Please ensure Javascript is enabled for purposes of website accessibility

3 Things You Need to Know Now About Social Security's Finances

By Christy Bieber - May 16, 2020 at 9:15AM

You’re reading a free article with opinions that may differ from The Motley Fool’s Premium Investing Services. Become a Motley Fool member today to get instant access to our top analyst recommendations, in-depth research, investing resources, and more. Learn More

They're not in good shape!

Social Security is one of the most important entitlement programs in U.S. history, and it's in dire financial trouble. Both current and future retirees need to pay attention to the newest trustees report because it's clear that action needs to be taken soon to avoid a disastrous benefits cut within 15 years.  

Here's what you need to know about Social Security's finances and how the program's looming future insolvency could affect both your retirement plans and your tax bill.

Social Security card sitting on top of money.

Image source: Getty Images.

1. The combined trust fund will run dry in 2035 for disability and retirement benefits

Each year, the Social Security trustees release a report about the program's trust funds. There are actually two, one for retirement and survivors benefits and another for Social Security disability insurance. The 2020 report had some bad news about the first of them.

The retirement fund is in serious trouble and is expected to run short in 2034, less than a decade and a half away. The disability fund isn't in such dire straits and should remain sound until 2065. But chances are good it'll be diverted when the retirement trust fund runs dry. Sadly, this will buy just an extra year of financial solvency since the disability fund is much smaller. In other words, by 2035, the trustees warn, the combined funds will run out.

2. Social Security can still pay the bulk of benefits if the trust funds run short, but a cut would be necessary

If and when the trust funds run out of money, that doesn't mean that benefits just stop.

Payroll taxes are the main source of Social Security's funding, and they'll still be collected from future workers and employers. The tax revenue will be enough to pay out most of what's promised, but not nearly all of it. In fact, a 24% benefits cut to retirement benefits is projected if no action is taken.

While it's good news that retirees would still get some of their promised funds, Social Security alone is already insufficient to provide a good quality of life without outside income. Since millions depend on these benefits to provide most or all of their money during their later years, a 24% cut could mean millions more elderly Americans living in poverty.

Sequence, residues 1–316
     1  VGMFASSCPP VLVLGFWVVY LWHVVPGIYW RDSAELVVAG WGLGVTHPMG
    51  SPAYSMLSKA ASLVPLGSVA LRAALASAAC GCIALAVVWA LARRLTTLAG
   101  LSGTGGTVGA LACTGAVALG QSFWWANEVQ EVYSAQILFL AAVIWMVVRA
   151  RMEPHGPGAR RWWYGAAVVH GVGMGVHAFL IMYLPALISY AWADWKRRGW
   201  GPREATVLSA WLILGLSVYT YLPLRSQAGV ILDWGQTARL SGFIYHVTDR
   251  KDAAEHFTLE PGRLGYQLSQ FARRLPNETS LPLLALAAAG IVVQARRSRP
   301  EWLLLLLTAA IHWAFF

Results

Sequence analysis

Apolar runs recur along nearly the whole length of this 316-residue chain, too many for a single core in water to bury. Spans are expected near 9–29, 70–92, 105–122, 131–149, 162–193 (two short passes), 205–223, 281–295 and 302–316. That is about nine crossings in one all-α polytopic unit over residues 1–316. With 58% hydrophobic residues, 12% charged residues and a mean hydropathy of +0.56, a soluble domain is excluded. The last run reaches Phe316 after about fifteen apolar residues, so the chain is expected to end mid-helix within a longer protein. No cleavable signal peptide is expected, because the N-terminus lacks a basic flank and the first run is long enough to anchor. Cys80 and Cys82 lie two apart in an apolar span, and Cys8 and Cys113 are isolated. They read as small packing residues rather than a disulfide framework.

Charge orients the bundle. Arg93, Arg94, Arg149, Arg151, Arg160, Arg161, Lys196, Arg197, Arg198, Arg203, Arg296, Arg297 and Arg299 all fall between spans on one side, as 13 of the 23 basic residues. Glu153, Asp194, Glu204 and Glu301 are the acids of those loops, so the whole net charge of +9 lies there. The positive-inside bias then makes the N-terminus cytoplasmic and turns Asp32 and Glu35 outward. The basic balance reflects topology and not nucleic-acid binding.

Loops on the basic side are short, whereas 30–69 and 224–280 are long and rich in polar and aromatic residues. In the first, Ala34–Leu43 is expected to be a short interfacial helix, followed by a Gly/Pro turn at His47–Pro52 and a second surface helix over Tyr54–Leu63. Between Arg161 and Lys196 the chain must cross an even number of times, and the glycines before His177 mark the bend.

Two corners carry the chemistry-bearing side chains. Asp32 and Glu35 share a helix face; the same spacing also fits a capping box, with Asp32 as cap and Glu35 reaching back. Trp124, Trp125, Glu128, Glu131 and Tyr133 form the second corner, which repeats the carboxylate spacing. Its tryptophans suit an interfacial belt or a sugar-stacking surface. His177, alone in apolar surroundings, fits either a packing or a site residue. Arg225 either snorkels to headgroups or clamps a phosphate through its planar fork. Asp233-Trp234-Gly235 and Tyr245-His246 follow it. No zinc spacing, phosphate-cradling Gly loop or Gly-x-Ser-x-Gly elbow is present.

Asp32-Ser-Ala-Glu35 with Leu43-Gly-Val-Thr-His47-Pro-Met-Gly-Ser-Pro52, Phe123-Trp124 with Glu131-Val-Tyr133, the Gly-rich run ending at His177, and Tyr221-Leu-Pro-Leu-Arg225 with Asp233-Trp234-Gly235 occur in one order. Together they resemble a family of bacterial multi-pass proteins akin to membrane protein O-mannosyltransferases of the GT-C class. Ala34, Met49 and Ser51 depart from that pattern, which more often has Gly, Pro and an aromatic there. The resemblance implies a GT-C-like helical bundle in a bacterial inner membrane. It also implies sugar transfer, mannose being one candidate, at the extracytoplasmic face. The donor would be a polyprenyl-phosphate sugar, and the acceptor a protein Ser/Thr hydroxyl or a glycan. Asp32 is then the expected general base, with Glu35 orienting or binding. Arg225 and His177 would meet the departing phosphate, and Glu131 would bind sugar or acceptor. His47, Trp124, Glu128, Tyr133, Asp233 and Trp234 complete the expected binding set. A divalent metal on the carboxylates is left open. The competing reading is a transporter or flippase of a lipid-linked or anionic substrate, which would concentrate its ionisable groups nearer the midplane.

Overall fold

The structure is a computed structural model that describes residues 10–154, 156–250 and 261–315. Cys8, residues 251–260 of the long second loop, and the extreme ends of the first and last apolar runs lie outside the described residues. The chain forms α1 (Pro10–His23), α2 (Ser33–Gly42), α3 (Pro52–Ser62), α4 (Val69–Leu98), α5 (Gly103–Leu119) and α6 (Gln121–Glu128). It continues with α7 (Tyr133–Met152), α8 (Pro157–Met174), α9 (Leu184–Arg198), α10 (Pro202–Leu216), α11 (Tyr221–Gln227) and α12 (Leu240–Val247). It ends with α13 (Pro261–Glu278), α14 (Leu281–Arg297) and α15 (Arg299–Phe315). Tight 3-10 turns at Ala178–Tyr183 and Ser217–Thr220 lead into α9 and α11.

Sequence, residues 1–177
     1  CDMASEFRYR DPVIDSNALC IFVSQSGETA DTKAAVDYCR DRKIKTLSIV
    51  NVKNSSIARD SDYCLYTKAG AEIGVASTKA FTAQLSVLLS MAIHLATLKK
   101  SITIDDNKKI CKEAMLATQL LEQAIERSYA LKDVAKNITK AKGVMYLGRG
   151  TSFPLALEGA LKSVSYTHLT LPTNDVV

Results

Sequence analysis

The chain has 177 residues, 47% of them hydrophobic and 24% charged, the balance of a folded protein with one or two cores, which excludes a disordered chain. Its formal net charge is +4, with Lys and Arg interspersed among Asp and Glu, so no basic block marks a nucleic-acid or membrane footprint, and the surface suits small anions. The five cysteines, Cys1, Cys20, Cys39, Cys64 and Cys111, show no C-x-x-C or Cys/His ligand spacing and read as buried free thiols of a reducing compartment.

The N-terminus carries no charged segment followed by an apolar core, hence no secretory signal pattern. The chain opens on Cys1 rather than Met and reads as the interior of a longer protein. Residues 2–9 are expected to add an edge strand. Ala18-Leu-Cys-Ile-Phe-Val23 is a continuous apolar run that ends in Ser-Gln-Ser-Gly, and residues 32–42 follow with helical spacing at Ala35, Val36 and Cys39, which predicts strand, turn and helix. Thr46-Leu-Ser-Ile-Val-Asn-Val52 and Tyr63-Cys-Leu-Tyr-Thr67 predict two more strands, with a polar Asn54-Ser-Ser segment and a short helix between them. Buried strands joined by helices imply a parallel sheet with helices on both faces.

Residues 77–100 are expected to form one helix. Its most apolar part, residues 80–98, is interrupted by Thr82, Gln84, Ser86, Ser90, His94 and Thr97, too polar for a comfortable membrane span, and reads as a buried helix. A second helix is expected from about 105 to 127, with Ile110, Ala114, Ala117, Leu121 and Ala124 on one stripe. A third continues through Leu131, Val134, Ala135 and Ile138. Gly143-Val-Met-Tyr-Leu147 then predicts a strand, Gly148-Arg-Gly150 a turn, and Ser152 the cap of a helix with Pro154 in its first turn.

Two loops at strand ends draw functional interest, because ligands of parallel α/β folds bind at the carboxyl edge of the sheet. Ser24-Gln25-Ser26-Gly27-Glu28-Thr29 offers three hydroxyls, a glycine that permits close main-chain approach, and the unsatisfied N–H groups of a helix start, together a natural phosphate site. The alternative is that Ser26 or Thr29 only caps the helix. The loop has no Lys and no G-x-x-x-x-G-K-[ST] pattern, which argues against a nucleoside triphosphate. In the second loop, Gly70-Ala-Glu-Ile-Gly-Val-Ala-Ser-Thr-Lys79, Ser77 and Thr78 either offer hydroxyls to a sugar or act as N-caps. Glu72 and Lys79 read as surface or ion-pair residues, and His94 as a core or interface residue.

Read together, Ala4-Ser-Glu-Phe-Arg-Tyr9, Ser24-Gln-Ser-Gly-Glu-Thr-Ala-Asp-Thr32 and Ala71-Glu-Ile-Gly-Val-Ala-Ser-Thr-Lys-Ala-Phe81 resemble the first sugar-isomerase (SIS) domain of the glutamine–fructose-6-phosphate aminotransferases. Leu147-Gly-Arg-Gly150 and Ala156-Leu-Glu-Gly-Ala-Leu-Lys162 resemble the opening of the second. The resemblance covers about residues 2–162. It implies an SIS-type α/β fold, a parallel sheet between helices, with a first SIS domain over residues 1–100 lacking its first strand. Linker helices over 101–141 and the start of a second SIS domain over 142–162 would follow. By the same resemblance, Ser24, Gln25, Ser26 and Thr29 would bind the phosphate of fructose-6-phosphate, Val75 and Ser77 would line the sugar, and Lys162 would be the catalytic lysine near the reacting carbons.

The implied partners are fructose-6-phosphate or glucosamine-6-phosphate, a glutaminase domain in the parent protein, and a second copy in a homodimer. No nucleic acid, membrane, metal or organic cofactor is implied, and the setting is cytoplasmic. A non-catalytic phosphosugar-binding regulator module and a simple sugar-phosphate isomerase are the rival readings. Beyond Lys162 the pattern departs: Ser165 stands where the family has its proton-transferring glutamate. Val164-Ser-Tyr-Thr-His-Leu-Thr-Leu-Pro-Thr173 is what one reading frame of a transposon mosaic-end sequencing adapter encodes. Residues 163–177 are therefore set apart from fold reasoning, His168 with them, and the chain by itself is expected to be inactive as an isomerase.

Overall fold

3. The trustees have suggested a payroll tax increase that would fix the program

The good news is, there's time to act to stave off a disastrous benefits cut. 

The trustees report indicates that increasing the payroll tax immediately and permanently could make Social Security financially sound for 75 years. But taxes would need to increase now from 12.4% to 15.54%. This 3.14 percentage point increase would be split between employees and employers (who each cover half of payroll taxes), although self-employed workers who pay the entirety of their payroll taxes would be stuck with the full bill. 

As painful as this payroll tax increase would be, acting quickly would avoid an even larger one later. If payroll taxes aren't raised until the trust funds run out, a 4.13 percentage point increase would be needed in 2035. If the payroll tax had to jump that much, employees and employers would each pay 8.265%, up from 6.2%, and the self-employed would be forced to pay 16.53% of their income just to support Social Security alone.

Of course, raising payroll taxes isn't the only option. But other recommendations on the table, such as means-testing Social Security benefits or lifting the cap on the amount of income subject to tax, would fundamentally alter the financial structure of the program. And one reason it's a third rail of American politics, with politicians terrified of cutting benefits, is that Social Security is an earned benefit with payouts based on what workers paid in.

Social Security's financial state matters to every American

Current and future retirees will all feel the impact of Social Security's financial trouble. Whether you face a benefits cut, a tax increase, or both, it's inevitable the challenges this program is facing will affect your own financial situation in some way.

Because of that, it's worth paying attention to proposals politicians put on the table to deal with the looming trust fund shortfall. Future retirees should also seriously consider upping their retirement investing so they're prepared in case a benefit cut of some form happens to occur. 

The Motley Fool has a disclosure policy.

Invest Smarter with The Motley Fool

Join Over 1 Million Premium Members Receiving…

  • New Stock Picks Each Month
  • Detailed Analysis of Companies
  • Model Portfolios
  • Live Streaming During Market Hours
  • And Much More
Get Started Now

Related Articles

Motley Fool Returns

Motley Fool Stock Advisor

Market-beating stocks from our award-winning analyst team.

Stock Advisor Returns
S&P 500 Returns

Calculated by average return of all stock recommendations since inception of the Stock Advisor service in February of 2002. Returns as of 08/15/2022.

Discounted offers are only available to new members. Stock Advisor list price is $199 per year.

Premium Investing Services

Invest better with The Motley Fool. Get stock recommendations, portfolio guidance, and more from The Motley Fool's premium services.